Since 2016, more than 10 applications to list Bitcoin ETFs (exchange-traded funds) have been made to the US Securities and Exchange Commission (SEC). Brothers Tyler Winklevoss and Cameron Winklevoss made the first application using their Gemini exchange as the broker through BZX Exchange, a subsidiary of Bats Global Markets, now part of Cboe.
The SEC rejected their application in March 2017. The brothers appealed this decision and they were ultimately turned down again in July 2018. In August 2018, the SEC rejected a number of other Bitcoin ETF applications made through various stock and futures markets, including the New York Stock Exchange (NYSE).
The US regulator said the primary reason for the rejections was that the applicants lacked a sufficient surveillance-sharing agreement with other Bitcoin market players to prevent fraud and manipulation. Hester Peirce, an SEC commissioner, indicated in a recent tweet that the decision to reject the applications is ‘stayed pending review’.
It seems decentralization is going to be the biggest challenge for ETF approval. Bitcoin is designed to have no points of control. Regulators may have to realize that the platform is of a completely different design.
Forcing a new type of platform to fit conventional rules may not work—not because there is anything wrong with Bitcoin, but because the conventional rules were not designed to accommodate it.
What Is a Bitcoin ETF?
An ETF is a special type of security, financial instrument or share that is backed by an asset and can be bought and sold like stock. In the case of Bitcoin ETFs, the backing asset is most likely bitcoins stored in a cold wallet. An ETF may also be backed by a derivative such as Bitcoin futures.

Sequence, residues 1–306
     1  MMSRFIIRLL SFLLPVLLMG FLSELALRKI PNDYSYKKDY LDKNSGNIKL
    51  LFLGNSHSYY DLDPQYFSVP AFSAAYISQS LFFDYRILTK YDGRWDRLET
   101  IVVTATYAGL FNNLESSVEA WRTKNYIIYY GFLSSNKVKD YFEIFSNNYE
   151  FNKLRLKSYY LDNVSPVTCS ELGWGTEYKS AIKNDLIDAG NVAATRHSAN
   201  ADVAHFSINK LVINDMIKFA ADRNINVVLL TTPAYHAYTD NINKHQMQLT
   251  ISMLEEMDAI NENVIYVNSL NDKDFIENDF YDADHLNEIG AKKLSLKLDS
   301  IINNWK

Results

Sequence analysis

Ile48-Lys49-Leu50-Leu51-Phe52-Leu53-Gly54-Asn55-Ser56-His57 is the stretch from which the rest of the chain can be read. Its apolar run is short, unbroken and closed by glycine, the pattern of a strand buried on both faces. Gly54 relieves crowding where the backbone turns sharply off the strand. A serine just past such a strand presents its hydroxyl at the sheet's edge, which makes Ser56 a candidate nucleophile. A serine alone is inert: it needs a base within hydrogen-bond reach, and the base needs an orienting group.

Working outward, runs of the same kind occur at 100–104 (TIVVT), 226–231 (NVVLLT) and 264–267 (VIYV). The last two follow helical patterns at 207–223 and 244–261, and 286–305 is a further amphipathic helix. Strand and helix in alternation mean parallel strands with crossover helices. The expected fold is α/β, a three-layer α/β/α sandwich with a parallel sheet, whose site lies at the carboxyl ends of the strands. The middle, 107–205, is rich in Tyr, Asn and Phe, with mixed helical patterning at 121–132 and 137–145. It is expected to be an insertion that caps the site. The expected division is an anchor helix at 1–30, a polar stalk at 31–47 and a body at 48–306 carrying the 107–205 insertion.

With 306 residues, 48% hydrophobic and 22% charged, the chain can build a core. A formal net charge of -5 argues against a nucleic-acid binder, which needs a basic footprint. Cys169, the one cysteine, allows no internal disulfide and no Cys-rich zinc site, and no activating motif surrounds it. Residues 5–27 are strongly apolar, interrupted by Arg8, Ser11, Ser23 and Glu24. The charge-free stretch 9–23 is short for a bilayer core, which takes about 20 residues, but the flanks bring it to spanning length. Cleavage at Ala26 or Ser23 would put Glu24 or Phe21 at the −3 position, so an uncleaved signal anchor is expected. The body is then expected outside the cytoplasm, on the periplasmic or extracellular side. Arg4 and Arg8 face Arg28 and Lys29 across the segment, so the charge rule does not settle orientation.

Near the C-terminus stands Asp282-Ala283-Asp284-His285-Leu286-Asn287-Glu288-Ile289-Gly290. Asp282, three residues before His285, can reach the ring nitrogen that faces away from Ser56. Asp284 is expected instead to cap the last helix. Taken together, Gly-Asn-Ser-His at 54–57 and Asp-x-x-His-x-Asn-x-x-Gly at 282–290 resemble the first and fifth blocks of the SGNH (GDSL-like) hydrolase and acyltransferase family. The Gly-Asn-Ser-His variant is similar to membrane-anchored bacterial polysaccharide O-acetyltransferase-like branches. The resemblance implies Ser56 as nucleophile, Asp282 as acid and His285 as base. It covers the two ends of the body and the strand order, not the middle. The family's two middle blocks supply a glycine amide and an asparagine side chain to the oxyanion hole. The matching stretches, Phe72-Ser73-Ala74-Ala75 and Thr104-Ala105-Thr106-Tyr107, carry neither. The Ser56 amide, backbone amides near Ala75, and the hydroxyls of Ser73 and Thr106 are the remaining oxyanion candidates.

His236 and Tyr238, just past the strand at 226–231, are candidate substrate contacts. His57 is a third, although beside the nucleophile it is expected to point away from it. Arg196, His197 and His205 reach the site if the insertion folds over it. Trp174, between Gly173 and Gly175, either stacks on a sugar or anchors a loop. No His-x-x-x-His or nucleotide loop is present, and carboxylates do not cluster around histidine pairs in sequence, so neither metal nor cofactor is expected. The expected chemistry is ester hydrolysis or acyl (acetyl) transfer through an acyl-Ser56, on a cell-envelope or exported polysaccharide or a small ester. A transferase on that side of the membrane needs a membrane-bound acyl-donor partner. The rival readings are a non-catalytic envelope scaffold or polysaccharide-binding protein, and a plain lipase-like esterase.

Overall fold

A broker initiates the process of creating an ETF by reaching out to a stock exchange or a futures market and requesting a listing. On receiving the request and concurring that the proposed product is viable, the stock exchange applies to the regulator to be allowed to include the security in its listings. The request is often also accompanied by an application to change the rules to allow inclusion of the new product.
The regulator will invite the public and any interested parties to make cases for and against the acceptance of the new ETF product. From information provided by the submissions and through research undertaken by the regulator, the regulator then chooses to either approve or reject the application.
The regulator informs their decision according to whether the ETF provides protection for investors and whether measures have been put in place to prevent fraud manipulation.
If the regulator is satisfied that the applicant meets all necessary terms, approval is issued. The brokerage entity will then acquire the asset needed to back the ETF—in this case, bitcoins—and then issue shares to the public for purchase. Investors can then buy and hold ETFs as long-term investment tools, or trade them on margin, just like they would with a company stock.
The Advantages of Bitcoin ETFs